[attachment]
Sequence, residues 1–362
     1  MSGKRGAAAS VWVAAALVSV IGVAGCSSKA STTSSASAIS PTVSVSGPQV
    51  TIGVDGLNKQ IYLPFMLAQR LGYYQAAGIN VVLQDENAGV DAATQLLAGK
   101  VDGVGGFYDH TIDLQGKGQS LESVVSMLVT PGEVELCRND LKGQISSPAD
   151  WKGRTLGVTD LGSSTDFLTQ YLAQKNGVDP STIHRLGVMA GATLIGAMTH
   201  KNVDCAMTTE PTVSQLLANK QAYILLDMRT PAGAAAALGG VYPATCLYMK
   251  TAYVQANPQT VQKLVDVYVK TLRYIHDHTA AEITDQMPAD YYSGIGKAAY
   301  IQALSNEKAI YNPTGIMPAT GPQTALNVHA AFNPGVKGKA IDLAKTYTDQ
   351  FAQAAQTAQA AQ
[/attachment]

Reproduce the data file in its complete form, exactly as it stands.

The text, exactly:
Sequence, residues 1–362
     1  MSGKRGAAAS VWVAAALVSV IGVAGCSSKA STTSSASAIS PTVSVSGPQV
    51  TIGVDGLNKQ IYLPFMLAQR LGYYQAAGIN VVLQDENAGV DAATQLLAGK
   101  VDGVGGFYDH TIDLQGKGQS LESVVSMLVT PGEVELCRND LKGQISSPAD
   151  WKGRTLGVTD LGSSTDFLTQ YLAQKNGVDP STIHRLGVMA GATLIGAMTH
   201  KNVDCAMTTE PTVSQLLANK QAYILLDMRT PAGAAAALGG VYPATCLYMK
   251  TAYVQANPQT VQKLVDVYVK TLRYIHDHTA AEITDQMPAD YYSGIGKAAY
   301  IQALSNEKAI YNPTGIMPAT GPQTALNVHA AFNPGVKGKA IDLAKTYTDQ
   351  FAQAAQTAQA AQ